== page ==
Breast cancer screening
Women of 50-69 years of age are invited by personal letter take part in breast cancer screening, or mammography, every two years.
More than 80% of the women invited to attend are screened. Fewer than 3% of participants are invited for further testing, i.e. ultrasound examination and biopsy, and of them about 20% have breast cancer (link to statistics).
Altogether about 5 000 women in Finland each year are diagnosed with breast cancer. Of those, over half of them are of the screening age group of 50-69. Some two-thirds of female breast cancers are detected by screening. The remaining breast cancers are found in non-screened individuals or among participants in screening whose cancer did not appear in screening or only appeared after mammography (1. Sarkeala et al., 2014).
The impact of screening on breast cancer mortality has been studied in Finland since the 1990s. Between 1992 and 2003, mortality among women who had been invited to take part in screening was 22% lower compared to the situation when screening had not been arranged (2. Sarkeala et al. 2008). The mortality of screening participants was 28% lower. The impact of screening on breast cancer mortality was also investigated in the late 2000s and the result has remained unchanged (3rd Heinävaara et al., 2016).
In international studies, screening has been shown to reduce breast cancer mortality even at the age of 70-74 (4. Lauby-Secretan et al. 2016). Extending screening to this age group should be considered.
DOWNSIDES OF SCREENING
In addition to benefits, screening of breast cancer also entails drawbacks. One in five women regularly participating in screening is sent unnecessarily for further tests on at least one occasion (5. Hofvind et al. 2012).
Screenings also indicate small early stage tumours, some of which would not cause symptoms during a woman’s lifetime. Studies show, however, that these constitute at most a tenth of the breast cancer tumours among women who have participated in screening (6. Puliti et al. 2012, 7. Heinävaara et al. 2014).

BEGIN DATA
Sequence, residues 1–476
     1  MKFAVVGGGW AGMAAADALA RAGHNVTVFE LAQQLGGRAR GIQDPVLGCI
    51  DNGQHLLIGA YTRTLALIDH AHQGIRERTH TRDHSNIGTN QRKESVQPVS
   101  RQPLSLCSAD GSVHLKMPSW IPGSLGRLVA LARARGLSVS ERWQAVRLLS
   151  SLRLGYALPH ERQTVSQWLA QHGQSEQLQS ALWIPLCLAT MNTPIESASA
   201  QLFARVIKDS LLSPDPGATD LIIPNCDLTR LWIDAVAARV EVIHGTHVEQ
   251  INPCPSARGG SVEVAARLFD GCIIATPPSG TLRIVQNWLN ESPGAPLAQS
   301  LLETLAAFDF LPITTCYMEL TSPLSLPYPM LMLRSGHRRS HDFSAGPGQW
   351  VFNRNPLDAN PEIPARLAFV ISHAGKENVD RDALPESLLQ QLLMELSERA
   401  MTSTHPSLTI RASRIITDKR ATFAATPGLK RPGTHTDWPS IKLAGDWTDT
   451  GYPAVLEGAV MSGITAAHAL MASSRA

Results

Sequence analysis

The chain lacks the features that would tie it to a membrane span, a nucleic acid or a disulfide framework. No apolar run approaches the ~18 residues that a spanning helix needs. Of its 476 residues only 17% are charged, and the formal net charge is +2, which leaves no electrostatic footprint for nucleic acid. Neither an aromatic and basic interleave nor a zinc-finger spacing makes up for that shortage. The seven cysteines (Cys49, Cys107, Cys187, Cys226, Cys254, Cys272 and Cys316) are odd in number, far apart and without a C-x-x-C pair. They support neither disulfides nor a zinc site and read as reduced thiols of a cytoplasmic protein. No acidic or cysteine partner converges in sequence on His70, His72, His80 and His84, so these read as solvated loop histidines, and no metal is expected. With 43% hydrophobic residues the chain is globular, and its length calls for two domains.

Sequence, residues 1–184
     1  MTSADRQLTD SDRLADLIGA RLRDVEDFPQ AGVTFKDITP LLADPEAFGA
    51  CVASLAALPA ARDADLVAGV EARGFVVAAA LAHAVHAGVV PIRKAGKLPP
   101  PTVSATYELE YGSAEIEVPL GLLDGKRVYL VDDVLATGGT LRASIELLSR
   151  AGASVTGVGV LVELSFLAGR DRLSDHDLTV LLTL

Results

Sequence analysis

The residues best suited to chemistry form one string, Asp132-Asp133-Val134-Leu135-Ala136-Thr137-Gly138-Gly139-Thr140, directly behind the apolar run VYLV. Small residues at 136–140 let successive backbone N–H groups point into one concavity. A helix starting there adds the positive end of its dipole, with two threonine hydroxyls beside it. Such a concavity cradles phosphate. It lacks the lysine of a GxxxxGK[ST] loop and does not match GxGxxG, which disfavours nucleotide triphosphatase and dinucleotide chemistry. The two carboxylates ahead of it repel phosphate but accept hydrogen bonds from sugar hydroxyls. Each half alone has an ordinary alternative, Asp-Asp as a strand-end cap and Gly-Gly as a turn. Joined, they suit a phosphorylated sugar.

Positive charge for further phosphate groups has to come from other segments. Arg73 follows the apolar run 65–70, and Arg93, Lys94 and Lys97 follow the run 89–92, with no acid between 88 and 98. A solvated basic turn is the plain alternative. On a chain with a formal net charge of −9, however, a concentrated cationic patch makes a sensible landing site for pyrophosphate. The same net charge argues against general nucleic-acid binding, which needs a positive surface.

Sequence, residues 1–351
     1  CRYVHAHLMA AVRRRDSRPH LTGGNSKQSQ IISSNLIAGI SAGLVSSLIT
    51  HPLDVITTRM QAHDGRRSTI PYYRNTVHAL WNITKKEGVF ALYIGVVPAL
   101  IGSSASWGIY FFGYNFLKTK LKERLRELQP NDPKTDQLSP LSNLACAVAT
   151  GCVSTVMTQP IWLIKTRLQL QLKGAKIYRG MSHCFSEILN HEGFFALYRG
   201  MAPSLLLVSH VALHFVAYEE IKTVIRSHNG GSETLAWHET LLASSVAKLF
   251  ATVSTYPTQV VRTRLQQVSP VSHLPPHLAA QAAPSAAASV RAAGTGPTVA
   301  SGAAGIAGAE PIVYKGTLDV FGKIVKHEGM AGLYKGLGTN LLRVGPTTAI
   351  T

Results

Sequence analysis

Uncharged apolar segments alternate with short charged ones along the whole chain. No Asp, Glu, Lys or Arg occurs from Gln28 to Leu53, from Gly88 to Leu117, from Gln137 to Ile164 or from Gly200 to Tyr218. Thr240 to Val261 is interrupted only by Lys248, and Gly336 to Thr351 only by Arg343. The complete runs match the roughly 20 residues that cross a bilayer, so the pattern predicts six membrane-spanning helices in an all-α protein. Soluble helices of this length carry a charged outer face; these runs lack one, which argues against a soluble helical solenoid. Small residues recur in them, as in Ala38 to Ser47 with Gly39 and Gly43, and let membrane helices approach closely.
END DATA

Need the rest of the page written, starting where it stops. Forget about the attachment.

Rintasyövän seulontaohjelman tärkeimmät tunnusluvut vuodelta 2015 löytyvät oheisesta raportista (Ahti, Maiju ja Milla tekevät, valmistuu graafikolta elo-syyskuussa).
Sarkeala T, Luostarinen T, Dyba T, Anttila A. Breast carcinoma detection modes and death in a female population in relation to population-based mammography screening. SpringerPlus 2014; 3: 348.
Sarkeala, Heinävaara S, Anttila A. Organised mammography screening reduces breast cancer mortality: A cohort study from Finland. Int J Cancer 2008; 122: 164–9.
Heinävaara S, Sarkeala T, Anttila A. Impact of organised mammography screening on breast cancer mortality in a case-control and cohort study. Br J Cancer, doi: 10.1038/bjc.2016.68.
Lauby-Secretan B, Scoccianti C, Loomis D ym. Breast cancer screening – viewpoint of the IARC working group. NEJM 2015; 372: 2353-58.
Hofvind S, Ponti A, Patnick J ym. False-positive results in mammographic screening for breast cancer in Europe: a literature review and survey of service screening programmes. J Med Screen 2012; 19 (Suppl 1): 57–66.
Puliti D, Duffy SW, Miccinesi G ym. Overdiagnosis in mammographic screening for breast cancer in Europe: a literature review. J Med Screen 2012; 19 (Suppl 1): 42–56.
Heinävaara S, Sarkeala T, Anttila A. Overdiagnosis due to breast cancer screening: updated estimates of the Helsinki service study in Finland. Br J Cancer 2014; 111(7): 1463–8.